Bill Courtney, SOSNZ
Hundreds more could get special NCEA assessment support, says the Ministry of Education.
The NZQA and the Ministry of Education are moving to ensure hundreds more students get extra help for NCEA assessments to meet their special learning needs.
“It’s important that students at all schools have access to special help if they need it at exam and internal assessment time,” says Brian Coffey, group manager of special education at the Ministry of Education.
The agencies today released a review of the use of Special Assessment Conditions in NCEA. The review found lower decile schools were much less likely to apply for NCEA exam help for their students with special learning needs, and that the $400-$700 cost of an independent expert assessment was one of the major barriers. Assistance during exams can take the form of a reader and writer, technology support or extra time.
Two major changes are to be made, in time for this year’s exams.
Firstly, NZQA has redesigned an alternative application process that is free to students. The application process has been made quicker and easier to use. Applications made this way use teacher observation and assessment information rather than an independent expert’s report.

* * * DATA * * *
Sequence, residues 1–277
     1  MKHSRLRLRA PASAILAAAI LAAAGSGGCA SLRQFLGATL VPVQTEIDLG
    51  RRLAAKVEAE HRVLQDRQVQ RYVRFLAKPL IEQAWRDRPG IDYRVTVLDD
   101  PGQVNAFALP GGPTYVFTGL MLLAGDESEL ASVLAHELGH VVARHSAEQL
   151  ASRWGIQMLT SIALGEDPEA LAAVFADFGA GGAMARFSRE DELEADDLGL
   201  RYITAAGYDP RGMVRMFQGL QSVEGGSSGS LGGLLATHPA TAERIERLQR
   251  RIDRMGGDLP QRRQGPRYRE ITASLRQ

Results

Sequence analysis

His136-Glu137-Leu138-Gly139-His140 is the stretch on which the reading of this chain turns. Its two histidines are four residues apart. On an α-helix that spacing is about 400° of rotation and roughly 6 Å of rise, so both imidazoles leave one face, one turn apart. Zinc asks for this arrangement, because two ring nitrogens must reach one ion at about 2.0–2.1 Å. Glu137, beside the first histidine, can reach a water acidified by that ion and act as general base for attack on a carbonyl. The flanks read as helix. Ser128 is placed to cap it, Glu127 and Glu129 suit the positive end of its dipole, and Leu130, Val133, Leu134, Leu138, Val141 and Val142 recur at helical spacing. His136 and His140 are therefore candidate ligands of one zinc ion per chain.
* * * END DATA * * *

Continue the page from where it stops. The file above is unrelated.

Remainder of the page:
“This option hasn’t been as widely used, or as easy to use as it should be. So we’ve streamlined the process and we will urgently be reminding schools this option is available.” says Richard Thornton, deputy chief executive, qualifications, for NZQA.
Secondly, the Ministry of Education will target 250 of the country’s 518 secondary and composite schools to ensure eligible students apply for special assessment. These are schools, many of them lower decile, that are being supported by the Ministry to achieve better NCEA results.
“Our NCEA facilitators will work with these schools to help identify students who could benefit from Special Assessment Conditions for their exams and other assessments this year,” says Mr Coffey.
In 2013 nearly 4000 students were granted access to Special Assessment Conditions, 3% of students in Years 11 to 15. Hundreds of extra students are expected to get help through targeted schools, and through an easier application process.
New technology for students with special learning needs is a priority in the medium term.